Choosing the Right Flow Meter – Vortex

-Robert Roda, Danbury, CT

When it comes to choosing a flow meter engineers are spoiled with choices, making selection of the appropriate meter a daunting task simply due to the sheer number of possible types of measurement devices: differential-pressure, thermal mass, turbine, and vortex meters being among the most common. Vortex meters, however, offer some unique advantages and should be considered if they fit your needs.

A vortex meter works through the mechanism of vortex shedding: a bluff body (or shedder bar) is inserted into the flow stream causing vortices of alternating direction to form in the process flow. The rate at which these vortices form is proportional to the velocity of the fluid: as fluid velocity increases, the frequency of vortex formation increases.

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Immediately downstream of the shedder bar is a pressure sensor that measures the frequency of the vortex formation as a series of pressure pulses. These pressure pulses are used to calculate the volumetric flow rate of the fluid. For applications requiring mass flow measurement, temperature and/or pressure measurement can be integrated into the vortex meter to calculate mass flow.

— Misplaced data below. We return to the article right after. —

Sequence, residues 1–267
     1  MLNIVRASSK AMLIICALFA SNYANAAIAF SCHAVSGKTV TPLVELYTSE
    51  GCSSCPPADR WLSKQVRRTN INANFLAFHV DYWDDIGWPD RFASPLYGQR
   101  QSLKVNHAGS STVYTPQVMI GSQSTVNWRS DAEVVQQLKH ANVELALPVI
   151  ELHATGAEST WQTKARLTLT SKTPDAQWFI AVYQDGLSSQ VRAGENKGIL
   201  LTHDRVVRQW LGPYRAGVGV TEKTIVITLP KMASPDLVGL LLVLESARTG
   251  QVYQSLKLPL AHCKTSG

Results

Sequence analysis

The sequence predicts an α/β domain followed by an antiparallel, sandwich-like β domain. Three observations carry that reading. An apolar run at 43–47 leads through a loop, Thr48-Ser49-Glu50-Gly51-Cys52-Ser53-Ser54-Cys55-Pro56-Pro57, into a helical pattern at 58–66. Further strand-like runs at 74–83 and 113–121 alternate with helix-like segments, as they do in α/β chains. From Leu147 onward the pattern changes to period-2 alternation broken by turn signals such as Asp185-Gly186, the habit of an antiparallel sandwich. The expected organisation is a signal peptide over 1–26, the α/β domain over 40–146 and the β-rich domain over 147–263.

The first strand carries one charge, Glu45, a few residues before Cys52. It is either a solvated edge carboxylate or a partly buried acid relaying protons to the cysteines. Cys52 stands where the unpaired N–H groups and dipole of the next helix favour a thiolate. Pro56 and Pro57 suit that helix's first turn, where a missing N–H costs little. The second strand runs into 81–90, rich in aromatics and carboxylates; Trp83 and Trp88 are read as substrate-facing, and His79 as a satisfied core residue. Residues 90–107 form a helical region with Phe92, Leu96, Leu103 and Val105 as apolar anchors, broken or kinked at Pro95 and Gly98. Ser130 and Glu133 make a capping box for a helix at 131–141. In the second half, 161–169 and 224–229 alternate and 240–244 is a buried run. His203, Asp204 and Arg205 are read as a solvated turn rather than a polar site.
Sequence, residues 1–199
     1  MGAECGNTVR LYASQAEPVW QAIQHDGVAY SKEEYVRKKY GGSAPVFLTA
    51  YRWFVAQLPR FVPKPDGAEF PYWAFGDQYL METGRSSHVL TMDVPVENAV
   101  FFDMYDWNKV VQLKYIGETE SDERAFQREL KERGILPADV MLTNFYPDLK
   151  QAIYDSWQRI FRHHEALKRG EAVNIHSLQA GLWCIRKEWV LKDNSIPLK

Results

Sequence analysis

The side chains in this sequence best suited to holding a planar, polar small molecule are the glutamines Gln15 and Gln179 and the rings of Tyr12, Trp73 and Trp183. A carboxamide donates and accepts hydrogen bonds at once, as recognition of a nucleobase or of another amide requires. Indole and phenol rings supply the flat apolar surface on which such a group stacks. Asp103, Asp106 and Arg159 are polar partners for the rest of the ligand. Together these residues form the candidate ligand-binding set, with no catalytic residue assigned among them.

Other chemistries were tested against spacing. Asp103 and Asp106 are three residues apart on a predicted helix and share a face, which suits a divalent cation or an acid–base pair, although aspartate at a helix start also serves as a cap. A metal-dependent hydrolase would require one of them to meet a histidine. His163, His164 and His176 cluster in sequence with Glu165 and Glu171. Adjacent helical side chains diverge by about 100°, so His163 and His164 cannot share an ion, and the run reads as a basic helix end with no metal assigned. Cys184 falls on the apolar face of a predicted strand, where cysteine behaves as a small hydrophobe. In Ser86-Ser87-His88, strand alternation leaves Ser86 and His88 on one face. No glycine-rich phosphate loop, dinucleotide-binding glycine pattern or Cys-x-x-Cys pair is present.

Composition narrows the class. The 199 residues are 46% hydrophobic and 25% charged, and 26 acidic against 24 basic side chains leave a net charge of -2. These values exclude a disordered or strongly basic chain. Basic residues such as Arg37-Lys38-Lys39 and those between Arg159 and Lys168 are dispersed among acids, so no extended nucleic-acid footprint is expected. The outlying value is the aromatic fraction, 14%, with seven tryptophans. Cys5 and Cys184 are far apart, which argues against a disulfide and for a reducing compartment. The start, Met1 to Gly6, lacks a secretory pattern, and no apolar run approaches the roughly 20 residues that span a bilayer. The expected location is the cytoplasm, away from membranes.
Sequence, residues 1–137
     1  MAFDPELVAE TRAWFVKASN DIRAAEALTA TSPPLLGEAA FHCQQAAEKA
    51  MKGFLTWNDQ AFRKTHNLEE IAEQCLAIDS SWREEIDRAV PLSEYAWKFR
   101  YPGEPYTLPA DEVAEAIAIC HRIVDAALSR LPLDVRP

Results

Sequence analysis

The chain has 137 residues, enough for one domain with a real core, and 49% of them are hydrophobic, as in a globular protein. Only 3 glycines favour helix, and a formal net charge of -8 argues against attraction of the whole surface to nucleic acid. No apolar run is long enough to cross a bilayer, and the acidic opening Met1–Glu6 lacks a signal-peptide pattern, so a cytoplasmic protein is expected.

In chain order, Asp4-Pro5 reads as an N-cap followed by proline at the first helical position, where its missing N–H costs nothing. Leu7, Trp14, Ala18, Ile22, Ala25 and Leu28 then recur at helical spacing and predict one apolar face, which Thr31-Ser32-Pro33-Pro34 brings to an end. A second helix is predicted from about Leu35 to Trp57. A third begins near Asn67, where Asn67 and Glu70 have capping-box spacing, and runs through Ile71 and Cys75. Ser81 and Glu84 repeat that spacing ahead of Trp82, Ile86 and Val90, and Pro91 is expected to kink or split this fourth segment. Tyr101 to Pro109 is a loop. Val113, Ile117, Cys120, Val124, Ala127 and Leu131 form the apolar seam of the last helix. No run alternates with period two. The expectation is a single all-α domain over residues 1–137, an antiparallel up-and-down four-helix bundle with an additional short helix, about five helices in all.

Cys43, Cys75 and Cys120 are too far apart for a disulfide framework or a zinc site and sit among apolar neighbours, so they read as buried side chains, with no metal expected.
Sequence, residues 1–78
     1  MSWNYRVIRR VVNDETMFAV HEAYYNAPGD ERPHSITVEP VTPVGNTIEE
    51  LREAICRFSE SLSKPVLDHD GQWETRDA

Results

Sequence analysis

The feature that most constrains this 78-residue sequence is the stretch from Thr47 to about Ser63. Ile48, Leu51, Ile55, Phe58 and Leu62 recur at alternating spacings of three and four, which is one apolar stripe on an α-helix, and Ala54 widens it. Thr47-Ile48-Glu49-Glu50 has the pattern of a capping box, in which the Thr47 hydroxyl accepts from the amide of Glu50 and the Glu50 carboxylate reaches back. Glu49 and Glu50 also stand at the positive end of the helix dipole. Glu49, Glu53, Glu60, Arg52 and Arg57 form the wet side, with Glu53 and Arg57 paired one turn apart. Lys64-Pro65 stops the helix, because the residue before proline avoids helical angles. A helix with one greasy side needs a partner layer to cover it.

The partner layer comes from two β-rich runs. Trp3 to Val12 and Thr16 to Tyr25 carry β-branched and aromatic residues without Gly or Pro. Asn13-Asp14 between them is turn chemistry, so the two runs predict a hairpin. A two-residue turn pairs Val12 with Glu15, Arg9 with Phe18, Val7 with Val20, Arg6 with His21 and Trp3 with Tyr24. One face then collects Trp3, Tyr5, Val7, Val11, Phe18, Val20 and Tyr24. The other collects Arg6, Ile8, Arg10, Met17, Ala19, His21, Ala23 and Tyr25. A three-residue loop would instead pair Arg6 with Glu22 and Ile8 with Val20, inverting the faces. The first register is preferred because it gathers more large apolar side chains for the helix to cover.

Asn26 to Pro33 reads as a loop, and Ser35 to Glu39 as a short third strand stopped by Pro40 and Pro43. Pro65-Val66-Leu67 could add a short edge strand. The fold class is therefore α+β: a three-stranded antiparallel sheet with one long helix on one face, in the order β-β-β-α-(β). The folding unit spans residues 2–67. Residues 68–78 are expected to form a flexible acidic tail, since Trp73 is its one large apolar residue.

Vortex meters offer many advantages over other technologies: They have high accuracy over a wide range with exceptional turndown, some manufacturers offer 20:1 or better turndown ratio; vortex meters have no moving parts so suffer from significantly less wear than other meters, particularly turbine meters, reducing maintenance and failure rates; there are no impulse lines or manifolds required allowing for easier, lower-cost installation. In addition, no impulse lines means no draining, filling, venting, or more importantly leaking!

There are applications for which this technology is not a good fit. Vortex meters require ample straight pipe both upstream and downstream of the meters, sometimes as high as twenty pipe-diameters upstream and ten downstream depending on manufacturer. Pipe size can be limiting as well, as Vortex meters will not be appropriate for small (less than ½ inch) or large (greater than 12 inch) pipe. Additionally, Vortex meters require a high velocity fluid with a Reynolds number above approximately 100, and as such may not be suitable for very low flow rates or fluids with high viscosity.

If there is enough straight pipe distance with a fast-moving liquid or gas across a wide range of temperature and pressure, then a Vortex meter may be a perfect fit. If you are choosing a flow meter and value low maintenance, low-cost installation, high reliability, and high turndown over a wide flow range, consider a Vortex meter.

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